Project monitoring is a critical process throughout your project execution. Monitoring requires project managers to stay on top of their project from start to end so that potential blockers and risks are identified in a timely manner.
When you can monitor your project successfully, you can control its outcome and stay aligned with your project plan.
Now, monitoring can be a laborious process because you have to be able to track the progress of your project, which is hard to do without some form of tracking and automation capabilities. Not to mention, you need to consistently compare your current progress against your initial plan to justify performance to stakeholders, which means reporting capabilities are needed.
You can find these basic capabilities in Jira via its dashboard. It’s customizable, displays a range of project data, and can help teams be more data-driven. More importantly, it can be leveraged by any team member as a personal tracking system.
In this article, you’ll briefly learn about Jira dashboard, ways to customize it to support monitoring, and a powerful tool that you can deploy to supercharge not only monitoring but also project control.
Brief Guide to Jira Dashboard
Jira’s dashboard is the default view for users when they go to the platform’s homepage. It offers an interactive overview of what you and your teams are working on – either for one project or more – without anyone having to switch back and forth between project screens.
You want to have a quick glance at your project progress? Want to know how many issues are pending to be resolved for this sprint? Want to look at the status of specific issues? Go to your dashboard!
The system dashboard is the one set up by your Jira admin and is visible to everyone with the viewing permission. However, each user can also set up their own dashboard that’s only visible to them – one dedicated to their name under the ‘Dashboards’ menu.
There are three elements of the dashboard that are customizable to make this possible.
- Built-in gadgets
Over 25 readily available graphs, charts, tables, and data tools that display project-related progress data and issue reports. On your personal dashboard, select ‘Edit’ and then choose the gadgets you want to add from the list.
- Customizable layout
If it’s a system dashboard, then the admin would have control over what gadgets are shown and the order of the gadgets. If it’s a personal dashboard, each user can decide what data they want to display upfront and how many panels would be on display.
- JQL queries
A number of gadgets rely on JQL queries to filter issues and display a specific range of data so that you can focus on issues that matter the most. Nevertheless, you can still display issue data without filtering if it’s relevant to your tracking needs.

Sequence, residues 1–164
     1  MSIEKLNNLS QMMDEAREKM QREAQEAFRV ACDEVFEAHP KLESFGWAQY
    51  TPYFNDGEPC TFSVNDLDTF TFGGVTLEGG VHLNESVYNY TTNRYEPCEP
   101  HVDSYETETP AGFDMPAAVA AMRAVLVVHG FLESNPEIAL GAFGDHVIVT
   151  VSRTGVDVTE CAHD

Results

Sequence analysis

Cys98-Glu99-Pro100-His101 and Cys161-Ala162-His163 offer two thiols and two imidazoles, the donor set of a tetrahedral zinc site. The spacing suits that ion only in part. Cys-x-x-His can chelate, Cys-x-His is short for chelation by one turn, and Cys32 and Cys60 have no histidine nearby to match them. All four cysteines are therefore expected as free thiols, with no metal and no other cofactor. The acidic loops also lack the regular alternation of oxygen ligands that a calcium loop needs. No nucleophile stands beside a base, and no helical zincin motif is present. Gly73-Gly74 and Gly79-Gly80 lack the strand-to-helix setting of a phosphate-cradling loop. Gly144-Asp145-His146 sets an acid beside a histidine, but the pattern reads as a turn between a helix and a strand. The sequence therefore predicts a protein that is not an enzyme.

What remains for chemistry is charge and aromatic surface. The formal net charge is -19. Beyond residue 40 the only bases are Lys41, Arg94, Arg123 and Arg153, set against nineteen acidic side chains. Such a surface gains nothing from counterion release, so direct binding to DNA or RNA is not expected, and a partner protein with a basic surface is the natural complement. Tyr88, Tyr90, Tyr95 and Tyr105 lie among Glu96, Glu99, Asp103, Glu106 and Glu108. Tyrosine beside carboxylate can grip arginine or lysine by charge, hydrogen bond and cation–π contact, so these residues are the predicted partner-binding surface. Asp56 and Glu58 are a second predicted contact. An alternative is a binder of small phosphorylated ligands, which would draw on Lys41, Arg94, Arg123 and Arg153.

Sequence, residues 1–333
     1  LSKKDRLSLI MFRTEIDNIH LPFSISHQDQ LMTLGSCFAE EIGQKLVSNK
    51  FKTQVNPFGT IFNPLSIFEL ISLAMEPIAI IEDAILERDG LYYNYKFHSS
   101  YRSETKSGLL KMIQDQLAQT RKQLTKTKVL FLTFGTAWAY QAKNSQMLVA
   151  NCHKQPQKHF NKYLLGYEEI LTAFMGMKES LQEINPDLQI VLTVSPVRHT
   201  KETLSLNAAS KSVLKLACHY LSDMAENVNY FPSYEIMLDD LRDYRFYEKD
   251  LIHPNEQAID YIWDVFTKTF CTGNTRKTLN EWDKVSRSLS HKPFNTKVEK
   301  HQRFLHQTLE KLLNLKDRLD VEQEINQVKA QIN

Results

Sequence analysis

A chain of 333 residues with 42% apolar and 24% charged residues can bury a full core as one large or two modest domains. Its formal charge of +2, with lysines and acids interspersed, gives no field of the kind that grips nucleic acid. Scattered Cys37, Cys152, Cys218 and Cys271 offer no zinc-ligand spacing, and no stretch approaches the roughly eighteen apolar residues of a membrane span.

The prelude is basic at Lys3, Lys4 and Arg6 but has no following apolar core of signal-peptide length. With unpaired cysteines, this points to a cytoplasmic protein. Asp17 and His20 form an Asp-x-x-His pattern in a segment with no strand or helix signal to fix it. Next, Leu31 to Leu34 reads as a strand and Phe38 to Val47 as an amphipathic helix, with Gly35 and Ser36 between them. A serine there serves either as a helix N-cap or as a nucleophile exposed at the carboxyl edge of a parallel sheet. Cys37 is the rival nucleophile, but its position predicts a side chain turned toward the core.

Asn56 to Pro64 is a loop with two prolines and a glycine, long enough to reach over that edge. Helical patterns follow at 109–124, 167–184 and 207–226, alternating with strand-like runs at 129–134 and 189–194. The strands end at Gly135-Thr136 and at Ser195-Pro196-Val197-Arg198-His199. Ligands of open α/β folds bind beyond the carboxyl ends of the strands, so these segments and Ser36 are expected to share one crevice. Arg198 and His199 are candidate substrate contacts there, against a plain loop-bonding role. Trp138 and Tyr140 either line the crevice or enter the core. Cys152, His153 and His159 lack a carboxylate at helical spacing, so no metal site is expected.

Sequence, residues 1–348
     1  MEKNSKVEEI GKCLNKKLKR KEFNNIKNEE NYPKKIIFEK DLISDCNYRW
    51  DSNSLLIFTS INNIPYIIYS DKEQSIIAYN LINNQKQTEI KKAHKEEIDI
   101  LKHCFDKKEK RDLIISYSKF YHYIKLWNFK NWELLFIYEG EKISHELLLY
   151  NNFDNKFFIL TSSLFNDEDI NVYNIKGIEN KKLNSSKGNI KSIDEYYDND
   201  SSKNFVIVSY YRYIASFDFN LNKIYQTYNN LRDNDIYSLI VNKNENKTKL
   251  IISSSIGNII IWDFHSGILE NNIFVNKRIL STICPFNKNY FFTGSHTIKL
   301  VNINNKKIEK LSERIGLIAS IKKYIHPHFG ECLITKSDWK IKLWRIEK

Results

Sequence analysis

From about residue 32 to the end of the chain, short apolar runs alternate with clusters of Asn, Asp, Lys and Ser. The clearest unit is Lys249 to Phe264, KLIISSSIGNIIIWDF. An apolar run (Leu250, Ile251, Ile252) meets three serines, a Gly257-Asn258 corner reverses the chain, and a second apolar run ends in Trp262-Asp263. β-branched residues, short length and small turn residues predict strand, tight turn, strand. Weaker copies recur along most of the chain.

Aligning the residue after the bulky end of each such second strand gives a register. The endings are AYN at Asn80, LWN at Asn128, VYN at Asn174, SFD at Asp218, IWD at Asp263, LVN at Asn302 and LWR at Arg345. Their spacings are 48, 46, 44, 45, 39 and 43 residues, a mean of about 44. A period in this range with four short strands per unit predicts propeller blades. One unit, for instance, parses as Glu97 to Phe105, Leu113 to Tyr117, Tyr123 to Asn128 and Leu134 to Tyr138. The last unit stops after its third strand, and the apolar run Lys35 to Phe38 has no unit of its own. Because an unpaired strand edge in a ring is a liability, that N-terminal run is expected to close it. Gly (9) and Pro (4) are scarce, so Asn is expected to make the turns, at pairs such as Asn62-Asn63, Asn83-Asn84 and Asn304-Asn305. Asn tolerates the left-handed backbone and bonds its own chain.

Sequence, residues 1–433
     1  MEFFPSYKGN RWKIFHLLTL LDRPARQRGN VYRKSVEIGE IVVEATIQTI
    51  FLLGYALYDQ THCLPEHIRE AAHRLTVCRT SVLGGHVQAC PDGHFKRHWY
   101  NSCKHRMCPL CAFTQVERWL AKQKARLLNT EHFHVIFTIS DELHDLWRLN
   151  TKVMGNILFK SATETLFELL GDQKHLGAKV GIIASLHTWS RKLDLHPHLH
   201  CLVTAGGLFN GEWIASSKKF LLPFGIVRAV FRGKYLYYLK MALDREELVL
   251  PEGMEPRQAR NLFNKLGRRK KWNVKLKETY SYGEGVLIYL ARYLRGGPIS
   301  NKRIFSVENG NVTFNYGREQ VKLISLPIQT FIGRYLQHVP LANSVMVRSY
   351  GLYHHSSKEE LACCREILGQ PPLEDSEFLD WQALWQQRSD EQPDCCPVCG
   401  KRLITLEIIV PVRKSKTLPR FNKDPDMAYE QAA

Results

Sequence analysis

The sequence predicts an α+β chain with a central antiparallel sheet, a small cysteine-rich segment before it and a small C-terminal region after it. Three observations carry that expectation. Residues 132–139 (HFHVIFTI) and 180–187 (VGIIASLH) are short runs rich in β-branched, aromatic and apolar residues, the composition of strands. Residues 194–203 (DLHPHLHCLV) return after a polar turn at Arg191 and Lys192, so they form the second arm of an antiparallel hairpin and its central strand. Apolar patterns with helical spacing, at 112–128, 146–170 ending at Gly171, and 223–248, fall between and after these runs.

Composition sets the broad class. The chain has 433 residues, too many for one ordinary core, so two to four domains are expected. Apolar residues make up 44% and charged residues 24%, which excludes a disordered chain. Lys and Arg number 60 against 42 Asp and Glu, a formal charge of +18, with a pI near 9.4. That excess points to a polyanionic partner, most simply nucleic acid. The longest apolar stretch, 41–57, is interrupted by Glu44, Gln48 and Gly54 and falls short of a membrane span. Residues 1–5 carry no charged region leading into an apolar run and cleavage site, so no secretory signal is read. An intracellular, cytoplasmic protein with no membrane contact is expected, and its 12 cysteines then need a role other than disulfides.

Below is an example of a marketing project manager’s dashboard. The number and types of gadgets displayed may vary for different teams.
So how do you set up your dashboard for project monitoring?
Customizing Your Jira Dashboard for Project Monitoring
Here are some steps you can take when customizing your dashboard.
Consider Your Data Parameters
When monitoring, you want to be able to benchmark your current progress against your initial plan. There are many ways to do this, but some key data you need to assess include:
- Project baseline
- Current progress rate
- Start and end dates
- Issue status
- Blockers or bugs
- Resource allocation
- Current resource consumption
- Dependencies between issues
Choose Your Gadgets
Keep the parameters above in mind when choosing your gadget. While the gadgets will not be able to display data like baseline, resource allocation and dependencies, you can still consider the following:
- Created vs. Resolved Gadget – Displays a comparison line chart of the issues created vs. resolved over a given period.
- Filter Results Gadget – Filter issues that you want to focus your monitoring on and display them in a table.
- Road Map Gadget – Displays versions which are due for release within a specified period of time, and a summary of progress made towards completing the issues in those versions.
- Sprint Burndown Gadget – Displays a burndown chart to track remaining work in a sprint.
Configure Your Gadgets
It’s important that you configure each of your gadgets so that the right issue or project data is displayed. Especially gadgets that allow you to filter your data results using JQL; create a filter beforehand using the Jira Advanced Issue Navigator screen.
You should also set the frequency for data updates for the gadgets you choose. Not all gadgets have this option, but for those that do, set how frequently you want the data to be refreshed.
While the dashboard is helpful, there’s an app that you can use to improve the entire monitoring process and help display data that the dashboard can’t.
Additional Project Monitoring and Control Tool
One of the most substantial tools in project monitoring is a Gantt chart – which isn’t available in Jira’s native environment.
A Gantt chart not only enables extensive monitoring, but also efficient controlling. WBS Gantt-Chart for Jira helps display critical project data in one screen, allowing you to track project progress against the project baseline.
View your critical path, dependencies, start and end dates, progress line, and issue status all in one screen.
The app will warn you if an issue is overdue, reaching its starting date, or has passed its start date, helping you stay on track more proactively. On top of that, you can also view your resource availability and distribution, allowing you to manage your teammates’ workload more efficiently.
The app doesn’t just simply project monitoring and control; it also accelerates your planning and execution.
Towards Greater Project Success
It pays to invest in capabilities that boost your chances of completing a project successfully. Try WBS Gantt-Chart for Jira for free today.